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A moment in contemporary fiction,
This review is from: Gods Without Men (Paperback)
Like a mutant-child of David Mitchell and Salman Rushdie, I found Kunzru's fourth book to be his most polished yet. All his strengths as a writer: the gleeful recreation of dialogue and prose to match the time-space framework of a chosen timeline and the need to tell his stories by the speed and drama of a Concorde; he uses them both wonderfully to take his readers on an inter-century ride in a haunting Californian desert landscape. Flitting between various timelines from the 1700s to 2009, we see versions of this physical landscape and its centerpiece: the three-pronged rock-formation being interpreted, articulated and deified by whole sets of characters. This is not without good reason as these rocks seem to possess (apparent, imagined, real or semi-real) ability to enthuse the wanderers who strike upon it an experience or "knowledge" of a force beyond.
I must admit that Kunzru embraces the tag of "hysterical realism" with such dervish intensity, I was exasperated sometimes by toe-dipping into intensely well-realised but fleeting glimpses of these human stories and human voices within them. Nevertheless, in the stories written around the current decade, which form the main emotional hook and the dominant timeline, the two narratives are chockablock with detail and pack quite a punch: the story of a half-Indian autistic kid vanishing into oblivion just around these formation of rocks culminating a heady, emotionally high-strung kitchen-sink marriage-drama around cultural clashes and immigrant experience; and a short-story of an immigrant Iraqi girl who gets employed with her extended family in a defence Simulation exercise in this landscape.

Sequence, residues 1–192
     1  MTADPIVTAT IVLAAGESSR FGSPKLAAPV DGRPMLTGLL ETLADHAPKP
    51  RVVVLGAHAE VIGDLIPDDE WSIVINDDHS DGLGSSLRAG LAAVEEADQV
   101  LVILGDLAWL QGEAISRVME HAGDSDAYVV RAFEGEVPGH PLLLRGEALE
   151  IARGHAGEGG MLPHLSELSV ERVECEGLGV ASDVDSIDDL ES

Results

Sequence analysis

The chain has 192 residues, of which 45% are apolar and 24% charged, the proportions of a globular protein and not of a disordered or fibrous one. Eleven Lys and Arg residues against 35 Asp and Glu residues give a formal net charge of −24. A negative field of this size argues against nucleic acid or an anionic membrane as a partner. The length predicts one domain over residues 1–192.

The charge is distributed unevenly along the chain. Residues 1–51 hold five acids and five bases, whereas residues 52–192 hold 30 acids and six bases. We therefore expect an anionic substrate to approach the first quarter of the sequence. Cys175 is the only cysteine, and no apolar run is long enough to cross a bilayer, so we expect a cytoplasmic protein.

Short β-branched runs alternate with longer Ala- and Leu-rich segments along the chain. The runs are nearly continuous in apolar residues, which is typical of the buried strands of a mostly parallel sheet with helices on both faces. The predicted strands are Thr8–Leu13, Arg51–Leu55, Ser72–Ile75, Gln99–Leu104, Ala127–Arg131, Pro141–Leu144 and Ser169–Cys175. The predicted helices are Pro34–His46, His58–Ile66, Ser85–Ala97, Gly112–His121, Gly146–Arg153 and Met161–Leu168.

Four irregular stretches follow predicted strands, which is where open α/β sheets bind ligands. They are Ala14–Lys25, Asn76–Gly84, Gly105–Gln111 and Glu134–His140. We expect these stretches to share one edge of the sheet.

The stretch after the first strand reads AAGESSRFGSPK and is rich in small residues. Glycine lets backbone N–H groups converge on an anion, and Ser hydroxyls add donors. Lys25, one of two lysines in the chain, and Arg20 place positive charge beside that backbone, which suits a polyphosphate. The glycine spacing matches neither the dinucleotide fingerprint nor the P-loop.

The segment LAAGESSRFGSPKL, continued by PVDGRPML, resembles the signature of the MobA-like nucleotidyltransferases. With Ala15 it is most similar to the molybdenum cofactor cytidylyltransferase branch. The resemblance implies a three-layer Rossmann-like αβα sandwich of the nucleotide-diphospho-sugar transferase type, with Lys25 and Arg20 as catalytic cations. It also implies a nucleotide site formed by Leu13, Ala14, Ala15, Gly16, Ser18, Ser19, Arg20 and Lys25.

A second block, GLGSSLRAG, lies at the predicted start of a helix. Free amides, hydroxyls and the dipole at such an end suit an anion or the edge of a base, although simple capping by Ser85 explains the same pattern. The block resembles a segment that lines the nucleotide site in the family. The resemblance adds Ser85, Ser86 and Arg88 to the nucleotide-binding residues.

From the copious detailing of a deranged stockbroker with his ethical-bomb of a financial system to the rhythms of an Iraqi family during the war-years to the downfall of the Beatniks to disillusioned, drifting rockstars to the ensuing media frenzy after the half-Indian kid's disappearance, Kunzru's subplots and side-characters are invested with as much life as his protagonists. He has a penchant and necessity to explore the current human condition in all its complexity, in all the noisy, cluttered, information-bombarded regalia typical of developed melting-pot urban landscapes of countries like America. He wants his readers to be inside the hippocampus of each of the disparate mindspaces of these people he has created and the level of empathy he warrants and rewards his readers with is something I find endearing and frankly, admirable given the ground he covers here.
Of course, beyond the literalities and the aesthetics, the common themes of a world-weariness, of seeing through the dominant/mainstream social architecture, of seeking out the knowledge of something-beyond, of curiosity and exploration is what gives real flesh and blood to this magnum opus. It's a biting comment on civilization that regardless of the century humanity finds itself in, it spirals its own cultural and existential schizophrenia, its own exclusive sense of displacement amongst its inhabitants. Negotiating the transience of human experience, the complexity of human consciousness and the limits of one's life is a continuous struggle, and has never been more intense than in today's wired-together, ever-more-cynical world where there's no dominant zeitgeist for the seeker, just fleeting bursts of noise. Much changes, but frankly what truly matters in human experience, its elemental perceptions and instincts: they remain the same. Writers like Kundru really bring this understanding of contemporary pathos to their writing and beg to be read more. This might sound heavy-handed in the way Kunzru's book never is and to cushion these big themes in the subtext, there is enough dark humour, sentimentality, nods to the legends of the West, soothing nostalgia and intense mystery that keep you turning the page.
Ambitious, imaginative and teeming with life (and hints of afterlife!), this just sweeps you away.